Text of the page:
5 Ways to Build REAL Leadership into Daily Practice

5 Ways to Build REAL Leadership into Daily PracticeThe number of books written, materials distributed and actual ink used to outline, describe and otherwise inspire “leadership” over the past 100 years would likely eclipse the number of people who have actually embraced the role over the course of human history.

Is the role of leader that difficult to practice in the world?

Owning your own business certainly does not, by default, make you a “leader” or capable of leading others.  Admittedly, nor does writing about it.

Perhaps what initiates the spark is first, identifying the need for leadership in a given context and second, a willingness to fully embrace (not just accept) the responsibility.

In the fitness industry, for example, we have the technicians who are superb at what they do. They evaluate, assess and administer a protocol.  Their results are measurable, linear and often extraordinary. There are also the far less common and far more influential leaders. And although their “measurable results” may or may not exceed those of the technicians, they have made it their responsibility and their passion to inspire an even more valuable result. They empower people to believe in themselves and to find a way to serve and inspire others along the way.

Here is how they do it:

1. Real Leaders put people first

These leaders take their ego out of the equation and seek to serve those they lead. For them, it isn’t about “making” anyone do anything. It’s about a collaborative team effort led principally by a collective goal and the other persons’ driving desire for self improvement.**

2. Real Leaders are reluctant to take credit…

…even when it might be due, and they always share the burden of responsibility. These leaders know that taking credit for the accomplishments of others —regardless of their role in that accomplishment— would be incongruent with their desire to serve others in finding their hidden strengths. They frequently provide productive feedback and a simple pat on the back for even the smallest of achievements, while at the same time sharing the responsibility when milestones are not met.

3. Real Leaders come from a true place of moral authority…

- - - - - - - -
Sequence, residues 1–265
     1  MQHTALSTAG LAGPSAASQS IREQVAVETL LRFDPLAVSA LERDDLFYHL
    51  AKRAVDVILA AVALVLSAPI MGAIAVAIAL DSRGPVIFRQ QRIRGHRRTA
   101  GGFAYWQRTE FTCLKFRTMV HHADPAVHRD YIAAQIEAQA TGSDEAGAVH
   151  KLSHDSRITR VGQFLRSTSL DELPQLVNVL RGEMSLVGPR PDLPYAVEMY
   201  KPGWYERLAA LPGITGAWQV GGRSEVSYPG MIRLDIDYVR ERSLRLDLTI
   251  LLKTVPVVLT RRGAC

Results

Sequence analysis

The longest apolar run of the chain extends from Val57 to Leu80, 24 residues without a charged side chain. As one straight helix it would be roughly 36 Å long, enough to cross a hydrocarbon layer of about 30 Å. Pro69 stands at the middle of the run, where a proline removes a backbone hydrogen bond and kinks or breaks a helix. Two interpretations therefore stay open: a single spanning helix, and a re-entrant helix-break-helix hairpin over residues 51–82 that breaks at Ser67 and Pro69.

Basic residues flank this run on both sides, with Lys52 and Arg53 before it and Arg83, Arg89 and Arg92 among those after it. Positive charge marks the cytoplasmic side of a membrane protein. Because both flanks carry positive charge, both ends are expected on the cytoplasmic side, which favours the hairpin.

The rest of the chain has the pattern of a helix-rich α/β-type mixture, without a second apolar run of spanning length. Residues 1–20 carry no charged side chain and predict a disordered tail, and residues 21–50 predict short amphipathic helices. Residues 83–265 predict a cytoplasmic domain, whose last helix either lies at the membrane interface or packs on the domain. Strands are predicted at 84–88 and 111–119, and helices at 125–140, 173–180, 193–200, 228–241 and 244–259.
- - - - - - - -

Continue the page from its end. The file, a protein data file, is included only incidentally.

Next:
…and individual strength of character. They would never be caught acting in a way that could be deemed immoral, unethical or incongruent with what they teach and profess to believe… because they simply don’t do it. Rather than DEMANDING extraordinary results, they INSPIRE those results through their own actions and code of conduct.

4. Real Leaders are skilled communicators

They know the critical importance of being able to deliver their message and even help others articulate theirs. They also recognize that words are only a small part of their ability to communicate that message and that they must be congruent and honest with that message, as well as their style of conveying it, for it to translate into a rapport-building leadership skill.

5. Real Leaders are methodical in their approach

They recognize the importance of systems in the achievement of consistent and reproducible results. Winging it might be fun and challenging but it’s not their style. They have enough foresight to look ahead and make sure the appropriate strategy and systems are put into place for future success.

When it comes to taking the helm of your venture, you get to decide whether to be a great technician who gets the job done or the leader guiding your organization and people to greatness… recognizing that choice may be at the very heart of the role itself.

TT SIGNATURE (FIRST)

 

 

**Check out The Seven Pillars of Servant Leadership, by James Sipe and Don Frick for more.

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  • http://jacksonandwilson.com/ Mitch Jackson

    Tom- Just printed this out for a daily reminder. Not always easy to do but critically important to being a great leader. Thanks!

    • Tom T

      Mitch _ I need those reminders daily. Recognizing that is part of the process and why I love writing about it…I’m reminded of what I should be doing daily.
      Thanks Mitch.

  • Ed Oyama

    Tom – just stumbled onto this and was really helped out. Number 4 really rang true with me – congruence is huge. As a somewhat introverted team leader, it was a huge realization to me that my life story – as I write it – says as much or even more than the words I say. Your profile and story sppke to me about this as well. Thanks!